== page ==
Using a vaccine to probe the workings of the immune system
Vaccines work by triggering a mild and localised inflammatory response that will create the right environment to establish immunity against a given disease. However, excessive inflammation can result in serious complications. It is currently difficult to predict when severe inflammation will occur, and this has led to some vaccines being withdrawn from the market. Immediate reactogenicity (side effects) of vaccines, as well as rare or delayed side effects or adverse outcomes might not show up during clinical trials, and identifying safety issues when a vaccine is in late development or after licensing is expensive and causes delays and - most importantly - exposes populations to unexpected increased risk.
The BIOVACSAFE project was launched right about the time that new technological developments were changing the way scientists can study biological material. Genomics, proteomics and metabolomics and new ways of working with cell components helped the researchers look at vaccines in a new light. BIOVACSAFE wanted to understand whether the reactions, or ‘flags,’ that appeared in the days and weeks after a person has received a vaccination, could accurately predict what would happen to them in the longer term. This knowledge would help accelerate the development of a vaccine by, for example, making decisions more quickly on whether to pursue alternatives.
The project partners used systems vaccinology techniques to carry out their analyses. In systems vaccinology, scientists can evaluate a wide range of different parameters in order to churn out a huge amount of data that are then used to make interpretations about clinical endpoints (symptoms, signs) in an integrated way, as opposed to the more traditional descriptive way. A descriptive reading of data might be that, for example, the number of antibodies have increased; systems vaccinology techniques can demonstrate that the increase correlates, for example, with the expression of certain genes in a predictive way.
Most of the new methodologies are very sensitive, and it was important for the study investigators to be sure that if they find a ‘flag’ that it is indeed indicative of tolerability or reactogenicity. That’s why they chose to study vaccines for which we already know a lot, and for which there is a large clinical database of information on their tolerability and of mild or medium reactogenicity. There were two sites that carried out clinical trials with a limited number of subjects who each received either one of six vaccines or placebo.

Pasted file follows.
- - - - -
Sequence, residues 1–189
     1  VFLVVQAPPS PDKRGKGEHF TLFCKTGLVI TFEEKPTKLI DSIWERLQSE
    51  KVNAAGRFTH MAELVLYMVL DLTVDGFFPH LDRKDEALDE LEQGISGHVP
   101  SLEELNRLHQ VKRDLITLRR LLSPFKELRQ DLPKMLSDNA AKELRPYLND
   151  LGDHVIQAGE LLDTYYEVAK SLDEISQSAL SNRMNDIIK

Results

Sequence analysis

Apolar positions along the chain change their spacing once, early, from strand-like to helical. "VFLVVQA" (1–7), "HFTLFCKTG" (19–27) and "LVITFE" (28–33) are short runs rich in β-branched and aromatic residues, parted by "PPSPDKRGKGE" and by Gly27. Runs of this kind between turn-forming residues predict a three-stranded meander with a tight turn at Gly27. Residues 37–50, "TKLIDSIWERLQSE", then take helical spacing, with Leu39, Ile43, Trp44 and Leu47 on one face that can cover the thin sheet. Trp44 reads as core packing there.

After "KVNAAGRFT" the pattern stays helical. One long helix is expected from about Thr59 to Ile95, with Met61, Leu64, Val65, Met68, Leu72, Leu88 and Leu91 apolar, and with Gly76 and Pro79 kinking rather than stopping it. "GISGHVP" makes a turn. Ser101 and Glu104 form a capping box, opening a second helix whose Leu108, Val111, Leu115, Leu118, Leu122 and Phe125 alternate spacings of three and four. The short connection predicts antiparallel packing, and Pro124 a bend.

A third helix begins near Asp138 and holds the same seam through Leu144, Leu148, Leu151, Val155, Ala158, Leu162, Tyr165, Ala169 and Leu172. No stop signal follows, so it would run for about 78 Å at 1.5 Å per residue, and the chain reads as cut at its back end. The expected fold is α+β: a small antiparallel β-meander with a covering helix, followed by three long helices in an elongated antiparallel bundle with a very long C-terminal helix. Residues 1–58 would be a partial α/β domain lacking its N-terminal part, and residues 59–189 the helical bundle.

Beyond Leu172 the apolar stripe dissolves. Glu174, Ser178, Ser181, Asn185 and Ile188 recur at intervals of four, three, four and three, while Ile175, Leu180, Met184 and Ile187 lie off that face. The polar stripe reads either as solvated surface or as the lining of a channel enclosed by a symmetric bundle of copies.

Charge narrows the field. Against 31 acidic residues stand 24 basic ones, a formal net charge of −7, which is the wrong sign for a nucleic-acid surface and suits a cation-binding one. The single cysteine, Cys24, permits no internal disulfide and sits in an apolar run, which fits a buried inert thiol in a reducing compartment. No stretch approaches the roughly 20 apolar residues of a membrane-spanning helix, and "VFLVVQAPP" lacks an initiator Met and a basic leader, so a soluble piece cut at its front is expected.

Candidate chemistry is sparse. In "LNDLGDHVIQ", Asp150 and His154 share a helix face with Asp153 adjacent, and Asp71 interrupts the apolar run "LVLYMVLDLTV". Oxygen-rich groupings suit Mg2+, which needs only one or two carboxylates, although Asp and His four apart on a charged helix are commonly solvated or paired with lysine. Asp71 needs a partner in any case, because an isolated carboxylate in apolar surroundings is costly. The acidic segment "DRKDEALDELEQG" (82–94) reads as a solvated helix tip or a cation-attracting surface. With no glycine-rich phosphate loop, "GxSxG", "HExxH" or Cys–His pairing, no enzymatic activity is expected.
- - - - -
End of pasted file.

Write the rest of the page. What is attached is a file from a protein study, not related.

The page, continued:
The team carried out a deep analysis of a large set of immunological data molecular data to see whether there were signals that could have predicted the reactions that are known to be produced by these vaccines. With this, they were able to come up with a ‘threshold’ of signals that indicate that the vaccine is working.
A question of acceptability
An important question for the BIOVACSAFE project concerned acceptability; in most cases, vaccines are injected into a healthy person, and so questions about vaccine safety and tolerability are tied up with questions about acceptability of the vaccine by people. To what degree do individuals feel that the benefits of the vaccine outweigh unwanted side effects? A mild reaction might not be tolerated by people who are in good health, in many cases. BIOVACSAFE wanted to figure out the minimum required level of reactogenicity that the vaccine produces to induce a response, while also being considered tolerable by a healthy individual.
This is a very important question that is vital for making sure there is adequate uptake of any new vaccine. If ways can be found to reduce even a very mild reaction by dissecting the mechanisms by which they are elicited, while maintaining a good quality of immune response, confidence and acceptability of vaccines can be greatly increased in the future. This is a problem for which the project was able to contribute great insights and new knowledge.
At the same time, another BIOVACSAFE group were using the same vaccines in animal models in order to make sure that the signals obtained in humans were paralleled in animal models. The real value of using the animal models in parallel (as opposed to one after the other, as in traditional vaccine development) was that, paradoxically, by making sure that the animal models are more predictive of long-term effects, the number of animals used in research can ultimately be reduced, a sensitive issue for many Europeans.
BIOVACSAFE was the first step towards this new generation of vaccines. The techniques tested in the project, though they are not routine, they are being used more and more. Similar omics techniques like those used in BIOVACSAFE are being applied in the development of the new COVID-19 vaccines. The larger the population receiving the vaccine, the higher the chance that concomitant episodes - episodes not associated with the vaccine - might occur, and the project partners are watching the outcomes of those vaccination campaigns closely. The project has established this expertise in Europe, which makes Europe more competitive in this regard.